4). Yesterday’s Wives: ___________ My husband, take heart and don’t worry. I shall go with you to Zaria. Your being transferred from the glitterati of Abuja to Zaria might be a blessing in disguise. We shall take the advantage of the educational institutions to advance our education. Some disappointments could be a blessing.

Today’s Wives: ______________ Me I can’t follow you to Zaria o. God forbid bad thing. From Abuja to Zaria? I can’t cope with such a demotion. To start living in a village? You had better look for another wife. I can’t live in a city without silver birds, Amigo Supermarket or Dunes

5) Yesterday’s Wives: __________My husband, I have enough clothes. This N30.000 you are giving me, pls keep it and save for a rainy day.

Today’s Wives: ________________Why are you so stingy? Do you have super glue in your palms?What an insult. What kind of shopping do you want me to do with N50,000?What can I buy? Is it Swiss lace or Dubai gold. I am disappointed in you. Your mates are giving their wives $5,000 to shop, here you are humiliating me with naira. I don’t blame you. It is because I refused to marry Chief Antonio that’s why you are messing up with me.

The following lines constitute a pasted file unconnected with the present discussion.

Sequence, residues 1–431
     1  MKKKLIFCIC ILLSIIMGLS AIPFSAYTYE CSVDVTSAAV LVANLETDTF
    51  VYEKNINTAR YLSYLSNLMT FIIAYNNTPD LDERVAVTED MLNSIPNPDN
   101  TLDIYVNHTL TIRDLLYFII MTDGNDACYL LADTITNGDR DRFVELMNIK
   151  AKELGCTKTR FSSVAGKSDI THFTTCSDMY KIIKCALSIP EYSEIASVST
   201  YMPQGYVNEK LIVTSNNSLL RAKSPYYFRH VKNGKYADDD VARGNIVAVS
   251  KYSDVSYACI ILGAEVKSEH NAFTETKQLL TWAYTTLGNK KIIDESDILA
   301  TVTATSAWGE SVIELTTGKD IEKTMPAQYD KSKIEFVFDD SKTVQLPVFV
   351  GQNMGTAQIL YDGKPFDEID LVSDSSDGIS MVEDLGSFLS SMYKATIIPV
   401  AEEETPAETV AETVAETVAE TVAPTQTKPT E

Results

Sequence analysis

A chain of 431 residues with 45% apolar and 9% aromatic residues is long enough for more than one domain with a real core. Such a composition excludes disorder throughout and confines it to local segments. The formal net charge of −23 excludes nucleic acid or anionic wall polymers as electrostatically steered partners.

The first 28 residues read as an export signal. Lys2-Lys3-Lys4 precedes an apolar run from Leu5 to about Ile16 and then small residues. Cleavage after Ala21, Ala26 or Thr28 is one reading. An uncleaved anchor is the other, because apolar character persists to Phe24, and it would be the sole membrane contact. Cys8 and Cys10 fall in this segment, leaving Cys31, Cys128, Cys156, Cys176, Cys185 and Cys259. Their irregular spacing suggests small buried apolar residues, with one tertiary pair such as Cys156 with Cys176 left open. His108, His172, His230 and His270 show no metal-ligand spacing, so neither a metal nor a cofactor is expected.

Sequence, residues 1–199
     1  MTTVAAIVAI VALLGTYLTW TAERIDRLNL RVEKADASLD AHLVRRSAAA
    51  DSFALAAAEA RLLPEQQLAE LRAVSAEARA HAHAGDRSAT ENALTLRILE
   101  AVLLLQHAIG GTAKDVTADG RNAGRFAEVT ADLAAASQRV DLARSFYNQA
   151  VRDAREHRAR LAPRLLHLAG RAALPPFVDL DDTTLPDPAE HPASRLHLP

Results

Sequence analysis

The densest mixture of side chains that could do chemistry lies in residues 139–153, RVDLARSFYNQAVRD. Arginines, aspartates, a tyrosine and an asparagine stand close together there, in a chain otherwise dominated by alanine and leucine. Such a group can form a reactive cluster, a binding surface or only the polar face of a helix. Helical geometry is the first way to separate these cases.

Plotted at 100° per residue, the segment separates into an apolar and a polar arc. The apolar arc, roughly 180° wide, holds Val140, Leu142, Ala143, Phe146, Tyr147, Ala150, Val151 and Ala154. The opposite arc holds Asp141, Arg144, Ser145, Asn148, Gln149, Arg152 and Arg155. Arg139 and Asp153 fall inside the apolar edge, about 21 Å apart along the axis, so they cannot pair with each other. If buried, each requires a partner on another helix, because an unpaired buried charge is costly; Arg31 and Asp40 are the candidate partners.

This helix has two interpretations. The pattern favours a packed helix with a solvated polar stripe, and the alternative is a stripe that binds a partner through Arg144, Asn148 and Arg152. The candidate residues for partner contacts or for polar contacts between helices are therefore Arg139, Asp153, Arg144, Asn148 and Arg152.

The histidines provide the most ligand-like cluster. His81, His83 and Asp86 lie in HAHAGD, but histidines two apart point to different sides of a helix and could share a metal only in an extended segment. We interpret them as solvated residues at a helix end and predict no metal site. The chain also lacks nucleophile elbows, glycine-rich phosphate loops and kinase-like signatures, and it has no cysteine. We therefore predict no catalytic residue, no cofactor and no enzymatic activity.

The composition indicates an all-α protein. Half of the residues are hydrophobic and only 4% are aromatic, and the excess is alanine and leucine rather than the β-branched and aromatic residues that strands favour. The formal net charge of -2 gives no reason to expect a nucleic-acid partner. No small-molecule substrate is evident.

6) Yesterday’s wives ________________ Darling our children will resume next week, I have bought new bags and sandals for them, I have also kept some money for their text books, may God bless u for their tuition fees.

Today’s wives _____________ Your children are resuming next week, I don’t want to hear story of no money o, they will change their school bags, sandals, water bottles etc and their textbooks, make sure the money is completed this time o, after-all they bear your surname not mine.

(Many other more, you may add what you know at the comments section)

Uhhhm!! Though we still have some good wives in today’s wives. But, where do our wives belong? Yesterday or Today 😳😳?????